Picture of two proposed buildings in Manchester up before the Planning Committee

Manchester City Council’s Planning Committee agreed plans to build a £27m luxury hotel in Piccadilly, while also ruling on a site visit to a controversial proposed 17-storey Deansgate office block.

Manchester City Council’s Planning Committee have agreed on plans to build a £27m four-star luxury hotel in Piccadilly.

The decision made by the Committee on Thursday means a 151-room hotel near Piccadilly Gardens will be built as a joint venture between former Manchester United footballer Cristiano Ronaldo and hotel company Pestana. The hotel will open in 2023.

Two hundred and twenty eight full-time jobs will be created during construction and a further 187 full-time posts once the hotel opens, the committee heard.

Number 67 Piccadilly will be demolished and replaced with the11-storey hotel which will be linked to 69-75 Piccadilly, a Grade II Listed building. A nine-storey infill extension will join the old building to the new hotel.

Proposed hotel at Piccadilly Gardens approved by planning committee.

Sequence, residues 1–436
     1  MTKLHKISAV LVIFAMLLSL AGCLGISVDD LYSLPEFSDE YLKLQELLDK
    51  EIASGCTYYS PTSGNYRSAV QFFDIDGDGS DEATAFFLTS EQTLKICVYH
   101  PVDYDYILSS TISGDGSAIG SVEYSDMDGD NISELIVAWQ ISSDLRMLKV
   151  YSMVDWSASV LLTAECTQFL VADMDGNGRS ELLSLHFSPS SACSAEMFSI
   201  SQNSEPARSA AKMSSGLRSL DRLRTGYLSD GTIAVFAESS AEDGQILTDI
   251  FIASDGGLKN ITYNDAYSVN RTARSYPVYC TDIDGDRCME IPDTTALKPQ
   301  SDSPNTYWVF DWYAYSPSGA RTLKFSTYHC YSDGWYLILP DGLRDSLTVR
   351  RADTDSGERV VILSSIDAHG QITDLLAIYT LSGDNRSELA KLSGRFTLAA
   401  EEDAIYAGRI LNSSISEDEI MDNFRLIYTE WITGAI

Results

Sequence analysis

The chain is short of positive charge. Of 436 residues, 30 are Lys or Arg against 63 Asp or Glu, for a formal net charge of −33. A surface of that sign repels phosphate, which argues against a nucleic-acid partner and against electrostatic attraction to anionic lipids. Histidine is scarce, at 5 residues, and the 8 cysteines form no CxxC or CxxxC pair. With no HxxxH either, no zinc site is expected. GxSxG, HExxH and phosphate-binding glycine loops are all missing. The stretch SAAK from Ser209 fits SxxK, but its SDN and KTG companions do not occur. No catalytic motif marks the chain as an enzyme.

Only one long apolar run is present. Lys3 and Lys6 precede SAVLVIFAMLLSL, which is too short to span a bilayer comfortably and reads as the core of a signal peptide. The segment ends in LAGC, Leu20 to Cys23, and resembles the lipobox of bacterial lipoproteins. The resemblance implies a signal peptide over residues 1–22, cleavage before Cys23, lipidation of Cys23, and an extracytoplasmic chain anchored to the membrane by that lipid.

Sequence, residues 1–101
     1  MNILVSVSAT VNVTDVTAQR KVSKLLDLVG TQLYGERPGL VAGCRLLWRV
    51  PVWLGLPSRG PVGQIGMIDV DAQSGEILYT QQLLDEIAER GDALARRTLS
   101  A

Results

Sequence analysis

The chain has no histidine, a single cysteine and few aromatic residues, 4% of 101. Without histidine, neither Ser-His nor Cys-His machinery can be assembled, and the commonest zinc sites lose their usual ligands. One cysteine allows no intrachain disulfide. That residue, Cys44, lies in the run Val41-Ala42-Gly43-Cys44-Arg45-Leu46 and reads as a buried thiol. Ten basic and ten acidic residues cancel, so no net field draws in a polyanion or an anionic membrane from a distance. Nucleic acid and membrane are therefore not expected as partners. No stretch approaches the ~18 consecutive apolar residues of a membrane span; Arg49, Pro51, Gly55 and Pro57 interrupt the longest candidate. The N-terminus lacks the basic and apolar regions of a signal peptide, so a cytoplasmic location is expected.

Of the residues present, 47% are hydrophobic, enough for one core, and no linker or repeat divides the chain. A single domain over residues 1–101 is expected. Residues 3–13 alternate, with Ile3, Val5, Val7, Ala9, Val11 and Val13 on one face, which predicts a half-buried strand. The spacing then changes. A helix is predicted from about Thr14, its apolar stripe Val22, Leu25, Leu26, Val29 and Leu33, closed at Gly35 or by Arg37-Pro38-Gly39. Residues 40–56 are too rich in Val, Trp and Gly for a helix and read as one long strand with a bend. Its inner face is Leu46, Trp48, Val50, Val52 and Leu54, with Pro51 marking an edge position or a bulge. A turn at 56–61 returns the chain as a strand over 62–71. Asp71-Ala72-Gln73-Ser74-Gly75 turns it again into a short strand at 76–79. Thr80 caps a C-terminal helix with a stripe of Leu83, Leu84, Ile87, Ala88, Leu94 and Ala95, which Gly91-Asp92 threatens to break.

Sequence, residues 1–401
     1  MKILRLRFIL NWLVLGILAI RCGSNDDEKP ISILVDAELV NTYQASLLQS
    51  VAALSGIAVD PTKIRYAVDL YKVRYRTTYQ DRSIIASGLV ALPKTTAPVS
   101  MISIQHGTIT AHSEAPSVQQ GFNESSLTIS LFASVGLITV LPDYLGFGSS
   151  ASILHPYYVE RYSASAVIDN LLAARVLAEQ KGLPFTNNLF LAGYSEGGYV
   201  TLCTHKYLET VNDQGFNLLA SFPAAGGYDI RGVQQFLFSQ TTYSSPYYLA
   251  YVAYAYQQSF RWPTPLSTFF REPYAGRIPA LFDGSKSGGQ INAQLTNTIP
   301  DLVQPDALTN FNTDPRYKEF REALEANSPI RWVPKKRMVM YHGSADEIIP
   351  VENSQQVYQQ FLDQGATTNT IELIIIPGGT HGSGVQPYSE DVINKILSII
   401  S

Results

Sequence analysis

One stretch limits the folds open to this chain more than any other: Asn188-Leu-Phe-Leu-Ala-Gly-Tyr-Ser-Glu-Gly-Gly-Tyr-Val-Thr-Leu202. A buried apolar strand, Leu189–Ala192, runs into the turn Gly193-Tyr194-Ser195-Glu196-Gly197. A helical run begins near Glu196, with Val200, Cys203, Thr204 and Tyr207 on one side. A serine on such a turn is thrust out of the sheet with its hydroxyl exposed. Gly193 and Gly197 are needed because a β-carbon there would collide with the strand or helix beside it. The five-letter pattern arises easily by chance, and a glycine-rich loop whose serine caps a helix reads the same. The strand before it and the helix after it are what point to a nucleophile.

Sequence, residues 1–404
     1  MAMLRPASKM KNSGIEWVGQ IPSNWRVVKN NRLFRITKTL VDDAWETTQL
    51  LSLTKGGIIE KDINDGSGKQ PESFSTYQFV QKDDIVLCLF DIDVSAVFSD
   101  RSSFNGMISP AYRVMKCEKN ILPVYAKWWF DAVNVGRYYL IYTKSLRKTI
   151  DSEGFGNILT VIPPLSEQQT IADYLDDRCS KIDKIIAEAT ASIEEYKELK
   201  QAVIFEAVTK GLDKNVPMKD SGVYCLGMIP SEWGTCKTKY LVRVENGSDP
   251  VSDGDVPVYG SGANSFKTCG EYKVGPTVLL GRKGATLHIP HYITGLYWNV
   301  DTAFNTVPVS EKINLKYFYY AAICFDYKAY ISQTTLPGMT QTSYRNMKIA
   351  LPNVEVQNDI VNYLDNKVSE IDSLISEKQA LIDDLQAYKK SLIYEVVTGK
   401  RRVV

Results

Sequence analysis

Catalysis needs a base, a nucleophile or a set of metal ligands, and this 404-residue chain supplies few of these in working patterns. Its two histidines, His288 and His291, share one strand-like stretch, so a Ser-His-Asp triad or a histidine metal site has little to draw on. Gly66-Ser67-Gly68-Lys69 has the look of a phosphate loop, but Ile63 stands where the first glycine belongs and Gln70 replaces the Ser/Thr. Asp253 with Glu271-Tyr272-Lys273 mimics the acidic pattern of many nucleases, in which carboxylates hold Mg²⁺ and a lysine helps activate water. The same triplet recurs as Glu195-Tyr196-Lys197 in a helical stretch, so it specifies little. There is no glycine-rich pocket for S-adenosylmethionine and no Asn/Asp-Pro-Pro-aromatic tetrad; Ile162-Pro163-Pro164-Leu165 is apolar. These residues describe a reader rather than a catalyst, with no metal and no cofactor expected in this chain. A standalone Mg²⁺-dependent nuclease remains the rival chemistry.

Proposed hotel at Piccadilly Gardens. Image: Feilden Clegg Bradley

While there were no objections to the proposal, the Victorian Society took issue with the changes to the Grade II listed 69-75 building which backs onto Back Piccadilly. They say the infill extension would see the loss of the back of the building which possesses great architectural heritage value.

In their report to the committee, the director of planning reassured the infill would “be set back from the main building line to reveal the original form and allow an understanding of the void which would be read as a clear intervention that is subordinate to the listed building.” The director of planning also argued the infill was “necessary to make the development viable”.

Rusholme ward councillor Jill Lovecy acknowledged the scheme required the infill to make it “viable”. However, Lovecy asked whether the committee could “do more to take on board [the views of] our heritage organisations well before the pre-development stage”.

At the meeting Piccadilly ward councillor Jon-Connor Lyons acknowledged the site was within the Stevenson Square Conservation Area but insisted its positioning within the Conservation Area meant the proposal was “absolutely appropriate”.

In a statement to The Meteor, Lyons said: “Our Mancunian heritage can be seen as a burden by some developers, but in this application it is protected and celebrated.